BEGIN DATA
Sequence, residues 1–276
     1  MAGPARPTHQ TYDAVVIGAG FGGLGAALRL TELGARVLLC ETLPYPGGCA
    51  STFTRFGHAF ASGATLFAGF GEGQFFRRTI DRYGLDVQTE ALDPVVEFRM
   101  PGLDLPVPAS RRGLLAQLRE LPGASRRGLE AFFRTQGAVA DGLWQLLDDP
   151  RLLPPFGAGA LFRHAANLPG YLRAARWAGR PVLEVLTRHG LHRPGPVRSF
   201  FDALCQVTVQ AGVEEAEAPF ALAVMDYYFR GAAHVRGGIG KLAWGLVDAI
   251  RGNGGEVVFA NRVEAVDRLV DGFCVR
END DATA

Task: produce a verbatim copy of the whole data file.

Sequence, residues 1–276
     1  MAGPARPTHQ TYDAVVIGAG FGGLGAALRL TELGARVLLC ETLPYPGGCA
    51  STFTRFGHAF ASGATLFAGF GEGQFFRRTI DRYGLDVQTE ALDPVVEFRM
   101  PGLDLPVPAS RRGLLAQLRE LPGASRRGLE AFFRTQGAVA DGLWQLLDDP
   151  RLLPPFGAGA LFRHAANLPG YLRAARWAGR PVLEVLTRHG LHRPGPVRSF
   201  FDALCQVTVQ AGVEEAEAPF ALAVMDYYFR GAAHVRGGIG KLAWGLVDAI
   251  RGNGGEVVFA NRVEAVDRLV DGFCVR